Sympathetic head tilts, excited tails or a cold shoulder are all responses from dogs suggesting they can sense our expressions. Research this week in Current biology by Corsin Müller and his team from the University of Veterinary Medicine in Vienna, has provided evidence that dogs can distinguish between happy and angry faces.
The research was carried out on 11 dogs which were trained to recognise happy or angry faces when they were only shown either the upper or lower half of a human face. The testing stage of the trial then involved showing the dog either the other half of the face used in training, the same half as that used in training but of a different person or the whole left side of the face used in training.
The results showed that the dogs were able to distinguish between happy and angry faces more times than would be expected by chance, suggesting the dogs could transfer what they learned in the first stage. Müller explained that the dogs are likely to likely “associate a smiling face with a positive meaning and an angry facial expression with a negative meaning.” He suggested that ‘life-long co-habitation’ with humans provides high exposure to human facial expressions, giving them many opportunities to learn.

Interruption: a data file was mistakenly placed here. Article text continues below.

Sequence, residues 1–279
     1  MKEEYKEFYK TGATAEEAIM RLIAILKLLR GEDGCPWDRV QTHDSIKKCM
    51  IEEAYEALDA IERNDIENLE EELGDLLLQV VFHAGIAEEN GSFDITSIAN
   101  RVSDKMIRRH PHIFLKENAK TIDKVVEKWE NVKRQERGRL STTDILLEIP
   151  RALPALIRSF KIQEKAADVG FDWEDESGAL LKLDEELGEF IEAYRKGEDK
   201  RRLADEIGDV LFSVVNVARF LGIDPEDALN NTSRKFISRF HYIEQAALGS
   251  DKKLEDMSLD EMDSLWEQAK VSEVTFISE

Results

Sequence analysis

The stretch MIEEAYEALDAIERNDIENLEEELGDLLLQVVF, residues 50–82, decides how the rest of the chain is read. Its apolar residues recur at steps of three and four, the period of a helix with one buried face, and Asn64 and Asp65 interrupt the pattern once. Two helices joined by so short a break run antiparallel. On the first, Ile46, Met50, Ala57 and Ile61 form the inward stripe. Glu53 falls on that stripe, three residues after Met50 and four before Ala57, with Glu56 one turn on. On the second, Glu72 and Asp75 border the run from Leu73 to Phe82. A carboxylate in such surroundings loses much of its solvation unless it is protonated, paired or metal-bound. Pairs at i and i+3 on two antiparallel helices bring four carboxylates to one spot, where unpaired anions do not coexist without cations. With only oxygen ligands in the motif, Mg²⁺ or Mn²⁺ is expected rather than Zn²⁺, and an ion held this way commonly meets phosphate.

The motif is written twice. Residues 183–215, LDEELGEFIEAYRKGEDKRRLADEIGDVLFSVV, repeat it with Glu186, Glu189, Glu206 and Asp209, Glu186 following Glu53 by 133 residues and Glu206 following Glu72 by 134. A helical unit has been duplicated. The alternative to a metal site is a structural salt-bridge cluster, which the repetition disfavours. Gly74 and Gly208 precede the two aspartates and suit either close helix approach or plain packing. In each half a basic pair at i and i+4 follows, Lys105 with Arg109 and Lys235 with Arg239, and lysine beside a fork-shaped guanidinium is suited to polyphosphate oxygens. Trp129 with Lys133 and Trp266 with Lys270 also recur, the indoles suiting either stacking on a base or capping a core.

The question now is whether dogs with less exposure to people are less effective at distinguishing expressions. Research is currently being planned in other species such as cats and pigs to examine the role of domestication in the ability to read human expressions, and further research is planned to study how dogs express different emotions, and how their feelings are influenced by humans.